How to do a giro


What role does giro play in the dance? It’s the mark’s time to show off. And it’s the revel’s chance to give back, to support our mark in gratitude for the sweet walking, the sexy-dramatic voleos, and the whee-whirly things.

She’s willing to provide strength, support, and power, but you need to let her do her work. You cannot ask her to support you while marking her in a way that makes her fall. 

To wit: She has no chance of being stable if you knock her over by shoving or yanking on her base to accelerate her step.

The lead for giro is a consistent lateral pull along a perimeter circling the mark’s body. Whatever the mark is doing with his legs must be restricted to what he can do while providing a smooth pull and allowing the revel to make the necessary pivots without destabilizing her base.

All rotation around the body is controlled by the obliques. The mark for giro is made with the obliques. 

how to practice giro lead

I see a lot of mistaken solo practice, in which the mark yanks his shoulders in order to turn his base leg. Even if he can survive this maneuver solo, the effect of that yank on the revel will generate forces that will in turn likely abridge his pivot. The solo practice should be to generate all the power and control for the pivot with the obliques, fortified with the base leg. Check that you are not yanking with your shoulders as this will destabilize the obliques’ insertion point, which prevents them from working with maximum strength. The base leg’s side of rib cage should remain aligned atop its foot. Marks should pivot in two feet stably before attempting one foot pivots.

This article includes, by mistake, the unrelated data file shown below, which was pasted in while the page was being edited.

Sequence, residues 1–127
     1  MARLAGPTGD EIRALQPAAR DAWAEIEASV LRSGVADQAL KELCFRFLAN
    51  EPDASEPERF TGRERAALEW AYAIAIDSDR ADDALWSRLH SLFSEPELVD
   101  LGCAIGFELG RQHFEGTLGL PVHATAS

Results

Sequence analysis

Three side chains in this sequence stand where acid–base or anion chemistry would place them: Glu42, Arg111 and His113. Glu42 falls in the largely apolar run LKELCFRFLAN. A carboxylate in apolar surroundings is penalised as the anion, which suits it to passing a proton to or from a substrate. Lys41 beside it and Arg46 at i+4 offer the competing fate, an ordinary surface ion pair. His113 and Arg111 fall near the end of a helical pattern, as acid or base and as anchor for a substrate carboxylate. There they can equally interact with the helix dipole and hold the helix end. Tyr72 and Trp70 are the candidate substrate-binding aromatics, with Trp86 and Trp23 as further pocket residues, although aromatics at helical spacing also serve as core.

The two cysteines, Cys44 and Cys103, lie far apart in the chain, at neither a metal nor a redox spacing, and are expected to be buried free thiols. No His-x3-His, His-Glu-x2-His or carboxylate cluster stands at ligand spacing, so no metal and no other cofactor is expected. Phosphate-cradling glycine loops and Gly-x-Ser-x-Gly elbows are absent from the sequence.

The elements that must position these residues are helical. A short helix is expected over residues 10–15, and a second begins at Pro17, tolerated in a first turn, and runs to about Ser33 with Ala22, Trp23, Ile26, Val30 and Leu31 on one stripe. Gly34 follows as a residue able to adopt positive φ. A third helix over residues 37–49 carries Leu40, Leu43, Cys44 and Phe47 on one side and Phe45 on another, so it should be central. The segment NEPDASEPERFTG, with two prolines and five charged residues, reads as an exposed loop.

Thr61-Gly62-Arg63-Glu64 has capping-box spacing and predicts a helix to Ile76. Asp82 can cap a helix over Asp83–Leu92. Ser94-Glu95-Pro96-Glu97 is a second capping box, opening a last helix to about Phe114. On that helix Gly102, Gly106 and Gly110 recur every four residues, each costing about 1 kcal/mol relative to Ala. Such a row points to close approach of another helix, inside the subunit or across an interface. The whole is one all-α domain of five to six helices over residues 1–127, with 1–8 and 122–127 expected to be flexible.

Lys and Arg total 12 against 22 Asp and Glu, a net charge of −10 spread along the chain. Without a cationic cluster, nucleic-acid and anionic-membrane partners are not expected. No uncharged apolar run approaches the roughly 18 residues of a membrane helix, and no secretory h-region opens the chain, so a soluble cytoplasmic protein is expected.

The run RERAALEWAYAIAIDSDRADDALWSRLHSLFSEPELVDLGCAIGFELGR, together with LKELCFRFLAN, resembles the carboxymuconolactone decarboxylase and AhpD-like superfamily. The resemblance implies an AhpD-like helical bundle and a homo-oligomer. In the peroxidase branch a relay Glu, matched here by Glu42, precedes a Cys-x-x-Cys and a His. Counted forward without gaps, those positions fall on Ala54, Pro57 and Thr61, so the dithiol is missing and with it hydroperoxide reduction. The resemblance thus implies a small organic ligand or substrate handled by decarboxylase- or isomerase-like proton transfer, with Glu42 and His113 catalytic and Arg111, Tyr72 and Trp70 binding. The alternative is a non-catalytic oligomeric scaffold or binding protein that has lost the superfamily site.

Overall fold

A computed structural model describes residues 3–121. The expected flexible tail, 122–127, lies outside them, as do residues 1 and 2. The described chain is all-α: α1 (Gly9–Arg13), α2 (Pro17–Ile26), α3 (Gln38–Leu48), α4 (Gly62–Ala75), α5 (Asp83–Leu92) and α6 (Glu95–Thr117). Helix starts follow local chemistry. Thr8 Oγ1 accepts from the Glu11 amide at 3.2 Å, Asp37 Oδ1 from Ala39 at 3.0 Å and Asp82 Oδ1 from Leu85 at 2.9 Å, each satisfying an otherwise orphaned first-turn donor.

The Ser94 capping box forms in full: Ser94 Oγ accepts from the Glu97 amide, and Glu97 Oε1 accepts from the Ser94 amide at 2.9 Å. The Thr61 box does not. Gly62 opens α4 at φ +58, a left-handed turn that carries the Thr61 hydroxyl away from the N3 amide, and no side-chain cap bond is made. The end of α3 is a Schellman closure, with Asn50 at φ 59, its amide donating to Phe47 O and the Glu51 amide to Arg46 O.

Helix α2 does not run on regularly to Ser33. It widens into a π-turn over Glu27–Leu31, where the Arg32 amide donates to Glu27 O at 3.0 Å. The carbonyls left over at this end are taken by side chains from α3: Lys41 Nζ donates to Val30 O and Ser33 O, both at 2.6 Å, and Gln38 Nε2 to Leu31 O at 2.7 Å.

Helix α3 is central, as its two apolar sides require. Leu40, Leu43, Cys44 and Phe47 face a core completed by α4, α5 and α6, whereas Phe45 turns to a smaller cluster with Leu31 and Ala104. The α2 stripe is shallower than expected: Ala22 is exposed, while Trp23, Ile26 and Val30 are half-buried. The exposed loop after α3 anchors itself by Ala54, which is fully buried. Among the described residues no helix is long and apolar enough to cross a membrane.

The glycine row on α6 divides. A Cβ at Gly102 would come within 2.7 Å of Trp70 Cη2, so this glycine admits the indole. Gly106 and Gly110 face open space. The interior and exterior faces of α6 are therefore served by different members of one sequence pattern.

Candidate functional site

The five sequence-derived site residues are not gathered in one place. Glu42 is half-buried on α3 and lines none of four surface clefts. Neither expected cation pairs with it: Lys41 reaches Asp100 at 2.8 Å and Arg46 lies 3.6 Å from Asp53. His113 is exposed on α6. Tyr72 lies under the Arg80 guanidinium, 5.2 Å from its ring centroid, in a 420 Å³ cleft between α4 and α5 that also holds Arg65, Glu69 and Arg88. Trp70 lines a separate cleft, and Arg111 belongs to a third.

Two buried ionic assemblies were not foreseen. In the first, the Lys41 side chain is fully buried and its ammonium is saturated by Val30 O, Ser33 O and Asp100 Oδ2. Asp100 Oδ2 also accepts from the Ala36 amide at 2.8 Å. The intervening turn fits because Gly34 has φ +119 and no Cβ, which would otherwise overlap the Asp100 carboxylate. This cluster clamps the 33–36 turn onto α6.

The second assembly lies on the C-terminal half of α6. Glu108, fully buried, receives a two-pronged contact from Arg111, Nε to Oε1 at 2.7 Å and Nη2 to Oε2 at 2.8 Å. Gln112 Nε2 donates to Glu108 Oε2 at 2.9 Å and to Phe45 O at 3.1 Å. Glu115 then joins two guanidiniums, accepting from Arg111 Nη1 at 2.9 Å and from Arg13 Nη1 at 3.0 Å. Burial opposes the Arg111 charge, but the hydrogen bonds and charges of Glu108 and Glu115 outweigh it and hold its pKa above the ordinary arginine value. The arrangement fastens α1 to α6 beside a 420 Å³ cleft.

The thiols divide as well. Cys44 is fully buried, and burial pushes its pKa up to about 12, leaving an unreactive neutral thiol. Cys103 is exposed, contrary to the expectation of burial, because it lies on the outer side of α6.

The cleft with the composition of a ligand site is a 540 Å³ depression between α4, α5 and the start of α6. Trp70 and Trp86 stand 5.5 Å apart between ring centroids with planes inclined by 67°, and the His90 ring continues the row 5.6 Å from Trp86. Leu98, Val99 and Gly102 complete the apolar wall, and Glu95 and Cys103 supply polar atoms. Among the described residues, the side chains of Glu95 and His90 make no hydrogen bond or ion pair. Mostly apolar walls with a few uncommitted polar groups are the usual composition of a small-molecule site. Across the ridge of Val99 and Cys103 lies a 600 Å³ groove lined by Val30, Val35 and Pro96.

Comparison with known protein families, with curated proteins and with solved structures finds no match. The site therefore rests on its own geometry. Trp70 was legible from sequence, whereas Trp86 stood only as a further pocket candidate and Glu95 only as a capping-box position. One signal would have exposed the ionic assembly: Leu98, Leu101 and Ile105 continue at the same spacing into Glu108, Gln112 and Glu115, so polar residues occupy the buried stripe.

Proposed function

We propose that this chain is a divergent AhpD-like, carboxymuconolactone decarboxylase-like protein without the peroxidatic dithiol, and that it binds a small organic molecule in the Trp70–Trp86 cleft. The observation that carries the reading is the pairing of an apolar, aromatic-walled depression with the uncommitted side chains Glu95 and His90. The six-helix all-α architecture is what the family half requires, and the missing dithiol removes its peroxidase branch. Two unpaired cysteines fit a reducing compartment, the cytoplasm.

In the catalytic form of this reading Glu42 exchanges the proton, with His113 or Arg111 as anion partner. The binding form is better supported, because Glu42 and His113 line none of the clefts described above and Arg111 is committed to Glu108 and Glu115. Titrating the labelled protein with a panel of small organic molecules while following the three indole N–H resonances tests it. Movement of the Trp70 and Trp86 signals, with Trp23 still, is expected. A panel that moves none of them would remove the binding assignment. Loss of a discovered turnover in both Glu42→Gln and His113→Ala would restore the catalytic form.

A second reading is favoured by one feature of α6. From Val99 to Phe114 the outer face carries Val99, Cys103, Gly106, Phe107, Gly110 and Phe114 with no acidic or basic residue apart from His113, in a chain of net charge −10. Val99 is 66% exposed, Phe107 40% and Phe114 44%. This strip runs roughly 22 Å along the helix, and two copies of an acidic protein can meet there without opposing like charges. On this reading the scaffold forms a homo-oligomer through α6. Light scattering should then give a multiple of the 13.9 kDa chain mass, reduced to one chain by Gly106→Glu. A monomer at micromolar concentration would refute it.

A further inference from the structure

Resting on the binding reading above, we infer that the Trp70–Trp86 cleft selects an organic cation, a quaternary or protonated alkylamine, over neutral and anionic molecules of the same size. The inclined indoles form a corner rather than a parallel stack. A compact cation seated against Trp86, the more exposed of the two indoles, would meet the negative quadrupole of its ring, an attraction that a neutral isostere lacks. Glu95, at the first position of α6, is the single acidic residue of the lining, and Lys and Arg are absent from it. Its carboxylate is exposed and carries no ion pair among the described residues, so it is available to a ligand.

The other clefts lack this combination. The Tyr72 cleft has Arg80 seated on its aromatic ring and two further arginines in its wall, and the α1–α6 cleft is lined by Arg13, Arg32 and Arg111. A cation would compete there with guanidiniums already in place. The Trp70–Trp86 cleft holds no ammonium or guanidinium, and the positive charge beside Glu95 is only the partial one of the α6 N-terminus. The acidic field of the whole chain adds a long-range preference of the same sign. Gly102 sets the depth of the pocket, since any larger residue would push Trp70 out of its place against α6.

The second aspect of a giro mark, which you can practice solo, is keeping your arms attached to your legs. As your legs pivot with newfound power, you want that power to be conveyed into the smooth pull along the perimeter you want her to travel. To do this you need to make sure that your arms move integrated with your legs.

When revels are shoved into giro, they develop an experience of it as a situation of rushed obedience. When they are pulled gently into giro, they have a chance to control their bodies and use their strength to travel on the defined circle.

contributing to a giro

To be strong, stable, and predictable, revels should make every step of the giro even in both space and time. (If the mark wants the sidestep accelerated or shortened, he will mark it that way.)

To ensure that you stay on the circle in your back step, check that the angle and placement of your side step is inside the circle, not on a tangent to the circle.

Check the alignment of every step to be sure that the shape and position is predictable. In side step, your two hip bones should be equidistant from the mark’s center. In front and back steps, the line between your hip bones should be radial to his center.

The mark may want to use your movement to create momentum for his pivot. He may do this by pulling gently against your motion. Just understand that in this moment, he needs your strength.


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